By now a third of businesses recognize social media as a useful tool in promoting products, services and solidifying a brand identity. According to the results of a Deloitte 2009 Ethics and Workplace Survey taken last month, 30 percent of executives noted that social networking was indeed a part of their business strategy. But, as noted in the e-Marketer article, The Problem with Social Media in the Office, 55 percent did not have any sort of official policy for using the networks.
It makes us wonder – are these executives wielding the power of social networking carefully? Are they devoting the proper time and attention to the networks they have chosen – primarily Facebook and Twitter? Are they engaging other users?
Leveraging social media in the workplace is not always top-of-mind. Not all businesses that stand to benefit from this type of exposure can require their employees to sit in front of a computer screen. For those professionals, it is truly important to seek out a dedicated, experienced PR professional who can support these efforts.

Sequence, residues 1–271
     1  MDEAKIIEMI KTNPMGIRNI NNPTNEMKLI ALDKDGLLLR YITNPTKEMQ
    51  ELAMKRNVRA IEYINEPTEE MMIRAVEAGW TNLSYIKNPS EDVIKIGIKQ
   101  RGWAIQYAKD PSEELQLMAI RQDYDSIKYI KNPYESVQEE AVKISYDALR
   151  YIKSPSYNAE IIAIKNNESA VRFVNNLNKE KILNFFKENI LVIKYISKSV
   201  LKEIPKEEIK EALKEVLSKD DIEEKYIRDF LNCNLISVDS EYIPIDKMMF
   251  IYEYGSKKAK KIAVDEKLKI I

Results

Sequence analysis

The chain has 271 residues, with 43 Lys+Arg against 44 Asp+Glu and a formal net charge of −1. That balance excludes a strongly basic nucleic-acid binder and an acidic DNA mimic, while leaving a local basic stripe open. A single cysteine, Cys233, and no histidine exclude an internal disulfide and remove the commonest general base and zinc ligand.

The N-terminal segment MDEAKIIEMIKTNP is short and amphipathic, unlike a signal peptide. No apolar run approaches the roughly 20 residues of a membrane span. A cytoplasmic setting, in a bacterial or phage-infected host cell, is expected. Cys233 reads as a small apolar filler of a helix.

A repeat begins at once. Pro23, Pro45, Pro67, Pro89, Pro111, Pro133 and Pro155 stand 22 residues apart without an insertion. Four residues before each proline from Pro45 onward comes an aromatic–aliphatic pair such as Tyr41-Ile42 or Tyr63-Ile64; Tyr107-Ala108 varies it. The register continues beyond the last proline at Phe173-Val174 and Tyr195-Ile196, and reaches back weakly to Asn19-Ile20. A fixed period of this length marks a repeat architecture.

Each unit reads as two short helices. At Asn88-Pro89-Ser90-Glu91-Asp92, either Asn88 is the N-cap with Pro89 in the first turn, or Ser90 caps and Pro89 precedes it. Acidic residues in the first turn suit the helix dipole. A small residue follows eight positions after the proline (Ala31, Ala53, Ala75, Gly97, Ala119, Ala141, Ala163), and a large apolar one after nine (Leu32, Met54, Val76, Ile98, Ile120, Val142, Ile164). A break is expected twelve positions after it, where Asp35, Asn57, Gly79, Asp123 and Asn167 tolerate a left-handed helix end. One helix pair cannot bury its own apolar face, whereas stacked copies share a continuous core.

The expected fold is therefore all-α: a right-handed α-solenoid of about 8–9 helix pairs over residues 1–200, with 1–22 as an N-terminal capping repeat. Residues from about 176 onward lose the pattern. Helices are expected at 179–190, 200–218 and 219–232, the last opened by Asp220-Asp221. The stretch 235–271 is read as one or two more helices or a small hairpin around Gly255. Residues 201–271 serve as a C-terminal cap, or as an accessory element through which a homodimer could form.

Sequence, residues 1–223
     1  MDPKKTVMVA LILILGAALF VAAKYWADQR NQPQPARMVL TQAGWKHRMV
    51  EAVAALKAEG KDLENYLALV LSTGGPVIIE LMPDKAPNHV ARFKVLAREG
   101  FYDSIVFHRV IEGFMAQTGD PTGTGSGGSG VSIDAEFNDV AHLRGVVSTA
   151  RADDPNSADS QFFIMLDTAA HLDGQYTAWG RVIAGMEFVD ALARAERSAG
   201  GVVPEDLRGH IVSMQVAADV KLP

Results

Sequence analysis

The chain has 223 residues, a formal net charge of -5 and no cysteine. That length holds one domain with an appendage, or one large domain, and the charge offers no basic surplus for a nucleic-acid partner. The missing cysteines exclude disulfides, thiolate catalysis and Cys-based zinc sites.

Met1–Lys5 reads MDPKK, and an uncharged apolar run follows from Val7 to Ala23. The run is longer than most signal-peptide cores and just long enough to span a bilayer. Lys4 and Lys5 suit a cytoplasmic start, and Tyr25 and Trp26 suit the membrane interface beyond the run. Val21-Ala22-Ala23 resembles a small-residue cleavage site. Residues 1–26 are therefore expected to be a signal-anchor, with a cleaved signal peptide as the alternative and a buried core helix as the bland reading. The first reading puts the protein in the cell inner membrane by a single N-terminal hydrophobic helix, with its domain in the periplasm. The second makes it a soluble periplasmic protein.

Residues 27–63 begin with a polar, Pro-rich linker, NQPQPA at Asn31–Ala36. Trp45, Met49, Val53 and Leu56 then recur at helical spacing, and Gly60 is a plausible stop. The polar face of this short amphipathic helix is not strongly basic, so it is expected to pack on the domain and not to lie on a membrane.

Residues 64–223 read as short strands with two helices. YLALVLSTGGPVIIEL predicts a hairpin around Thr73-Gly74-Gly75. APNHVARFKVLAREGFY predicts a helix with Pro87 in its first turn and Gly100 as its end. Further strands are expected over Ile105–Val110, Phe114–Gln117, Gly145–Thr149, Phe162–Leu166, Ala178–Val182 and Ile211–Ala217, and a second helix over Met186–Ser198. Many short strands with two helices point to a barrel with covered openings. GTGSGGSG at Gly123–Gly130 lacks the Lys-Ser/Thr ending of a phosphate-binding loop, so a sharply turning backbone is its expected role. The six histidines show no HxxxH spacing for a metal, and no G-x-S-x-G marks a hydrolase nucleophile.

A. Do I have a social networking strategy?
B. Are my social media efforts linked directly to my marketing plan?
C. Is the time spent on social networking supporting all of our efforts – event planning, specialized pricing, promoting new products and services?
D. Or is it just an afterthought?
If you answered D, it’s time to seek support to guide your efforts. Social networking requires an investment of time. When executives cannot afford to spend time using these tools correctly, the business itself stands to suffer. The message becomes fragmented.
In business, perception IS reality. So tell us, how is your company perceived? An outside perspective and social media strategy can give any company a serious edge moving forward.